“God told me to work to get ‘Cosmo’ out of the hands of children, so that’s what I’m doing. It was His still, small voice in my heart and soul.”
Cosmopolitan magazine heiress, who says its covers are “pornography”
The Big Idea
A Tokyo café has found a novel way to better the lot of ophiophilists in Japan. It allows customers to choose snakes (non-venomous) to play with while sipping their coffee.
Negative answer in the air
The name of Germany’s new ambassador has been raising quite a few eyebrows in Delhi’s diplomatic circles. Martin Ney—pronounced ‘Nai’—is not a reflection of Berlin’s growing negativity with India, even it does sound like ‘No’ in Hindi. Though he arrived weeks back, Ney hasn’t been able to present his credentials yet. Twice, Rashtrapati Bhavan called it off—because of ex-president Kalam’s death, and President Pranab Mukherjee’s wife’s illness. Ney will make another attempt in early September; he might be third time lucky. Ney, who replaces the high-profile Michael Steiner, is no pushover. Apart from being an experienced diplomat, he is also a trained flautist and has performed before the UN General Assembly.
Message, not the media
Is the Narendra Modi government having a change of mind about taking the media along for the PM’s foreign tours? The buzz in South Block is that the PMO realised that it had overplayed its hand in letting the media fend for itself after the stone-cold reaction Modi’s visit to the central Asian republics in July received back home. That seems to have set off a bit of course correction among the PM’s media minders, who believe that while there is some merit in keeping hacks at a distance, it has its drawbacks in the long run. Result: for the PM’s here-today-gone-tomorrow visit to the United Arab Emirates, the external publicity division in the MEA sought out details of “advance private media” who intended to cover the visit. Like on previous tours, mediapersons were not on the PM’s plane, but some ice had been broken.
The Daily Telegraph
An American-Jewish editor’s weeklong stay in Iran has produced a story in Forward magazine that runs quite contrary to the image of the Islamic republic projected by Benyamin Netanyahu. Larry Cohler Esses, the first journalist from the Jewish magazine to be given a visa, found Iran to be anything but monolithic. Some Iranians are angry about Israeli policies, but most preferred to be left alone. More Iranians, he found, were more obsessed about the traffic than Israel’s hyper-ventilation. Nowhere was Esses denied access because he was an American. In fact, on occasions, he was even allowed to carry his camera and take photographs where normally photography is not permitted. This, some believe, may well be Iran’s ‘good behaviour’ phase where it is trying to reach out and impress Americans. It is not known if his report will impact the US Congress’ debate on the nuclear deal. But it does pick some big holes on the Israeli PM’s propaganda.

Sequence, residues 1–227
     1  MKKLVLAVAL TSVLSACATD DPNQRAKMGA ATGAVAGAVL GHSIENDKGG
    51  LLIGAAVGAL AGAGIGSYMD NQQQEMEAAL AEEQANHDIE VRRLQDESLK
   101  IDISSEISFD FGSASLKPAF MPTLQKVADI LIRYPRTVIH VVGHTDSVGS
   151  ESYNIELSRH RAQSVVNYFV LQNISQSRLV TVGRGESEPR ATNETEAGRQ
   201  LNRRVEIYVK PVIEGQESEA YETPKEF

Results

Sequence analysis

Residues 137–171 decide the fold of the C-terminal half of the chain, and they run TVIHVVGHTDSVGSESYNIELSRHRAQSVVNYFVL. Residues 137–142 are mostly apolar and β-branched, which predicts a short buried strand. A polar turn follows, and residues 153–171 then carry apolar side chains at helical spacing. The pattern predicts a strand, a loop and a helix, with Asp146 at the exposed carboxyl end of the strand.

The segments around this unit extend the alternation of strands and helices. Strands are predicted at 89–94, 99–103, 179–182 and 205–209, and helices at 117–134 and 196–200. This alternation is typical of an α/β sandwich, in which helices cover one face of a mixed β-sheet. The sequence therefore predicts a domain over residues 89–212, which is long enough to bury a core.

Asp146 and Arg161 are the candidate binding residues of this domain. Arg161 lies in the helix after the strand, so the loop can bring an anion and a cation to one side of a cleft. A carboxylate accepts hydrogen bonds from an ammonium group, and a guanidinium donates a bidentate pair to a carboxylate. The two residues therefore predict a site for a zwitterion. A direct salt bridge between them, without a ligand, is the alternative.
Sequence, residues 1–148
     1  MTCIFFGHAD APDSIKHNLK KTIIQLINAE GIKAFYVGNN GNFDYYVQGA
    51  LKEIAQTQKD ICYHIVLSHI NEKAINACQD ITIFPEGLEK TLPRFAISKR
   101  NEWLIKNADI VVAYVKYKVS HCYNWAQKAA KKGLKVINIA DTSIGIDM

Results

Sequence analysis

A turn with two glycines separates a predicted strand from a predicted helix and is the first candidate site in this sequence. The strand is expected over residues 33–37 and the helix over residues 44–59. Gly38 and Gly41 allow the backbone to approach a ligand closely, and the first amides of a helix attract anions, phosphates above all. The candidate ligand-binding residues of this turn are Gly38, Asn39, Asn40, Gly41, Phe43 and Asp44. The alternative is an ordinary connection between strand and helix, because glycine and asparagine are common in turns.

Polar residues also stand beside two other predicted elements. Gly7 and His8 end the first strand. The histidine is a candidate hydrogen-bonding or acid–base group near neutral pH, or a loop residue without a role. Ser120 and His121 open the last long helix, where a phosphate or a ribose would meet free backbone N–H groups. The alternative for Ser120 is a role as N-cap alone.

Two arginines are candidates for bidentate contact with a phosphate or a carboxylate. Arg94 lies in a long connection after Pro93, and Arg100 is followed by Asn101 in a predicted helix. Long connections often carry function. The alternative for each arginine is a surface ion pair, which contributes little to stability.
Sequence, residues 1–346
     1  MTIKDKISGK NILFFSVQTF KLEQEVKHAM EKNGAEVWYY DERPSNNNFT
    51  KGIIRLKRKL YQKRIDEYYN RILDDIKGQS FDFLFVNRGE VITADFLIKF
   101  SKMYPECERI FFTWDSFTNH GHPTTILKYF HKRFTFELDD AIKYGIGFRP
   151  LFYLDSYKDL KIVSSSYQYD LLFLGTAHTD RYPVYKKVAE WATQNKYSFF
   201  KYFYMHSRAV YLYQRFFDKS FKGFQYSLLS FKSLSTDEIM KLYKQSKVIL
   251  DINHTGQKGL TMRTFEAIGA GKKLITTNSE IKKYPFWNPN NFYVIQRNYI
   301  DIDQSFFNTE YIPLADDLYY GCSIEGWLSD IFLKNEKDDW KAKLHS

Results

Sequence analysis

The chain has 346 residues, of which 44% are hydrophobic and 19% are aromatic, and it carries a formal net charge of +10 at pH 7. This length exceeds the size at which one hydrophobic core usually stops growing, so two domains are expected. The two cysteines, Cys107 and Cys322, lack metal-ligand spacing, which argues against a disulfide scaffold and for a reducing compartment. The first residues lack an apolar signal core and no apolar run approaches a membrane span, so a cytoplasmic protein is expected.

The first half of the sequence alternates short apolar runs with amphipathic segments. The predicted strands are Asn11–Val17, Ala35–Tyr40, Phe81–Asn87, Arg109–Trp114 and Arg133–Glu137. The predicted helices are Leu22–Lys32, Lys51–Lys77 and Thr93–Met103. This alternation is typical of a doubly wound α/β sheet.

Foreign envoys are talking about... US corporates
Come election time, Indian businesses are notorious for applying a thick, if unequal, coat of butter on either side of the bread, hoping that one or the other might be useful. It turns out that big businessmen in ground zero of capitalism, the US, are no different in hedging their political bets. As the battle for temporary residency of 1600, Pennsylvania Avenue, from January 2017 hots up, foreign diplomats are talking about the parallels of Indian corporates with their American counterparts. It seems that, for some wealthy donors, it doesn’t really matter who takes the White House as long as it is either Clinton II (Hillary) or Bush III (Jeb). A survey shows that 60 ultra-rich Americans have contributed to both the federal campaigns of Hillary and Bush. The list, including race track owners, bankers, chicken magnates and media barons are hedging their bet for the 2016 presidential elections by donating generously to both contenders. If this is any indicator, it shows that till now very few are sure about the eventual winner.
Contributed by Pranay Sharma and Pritam Sengupta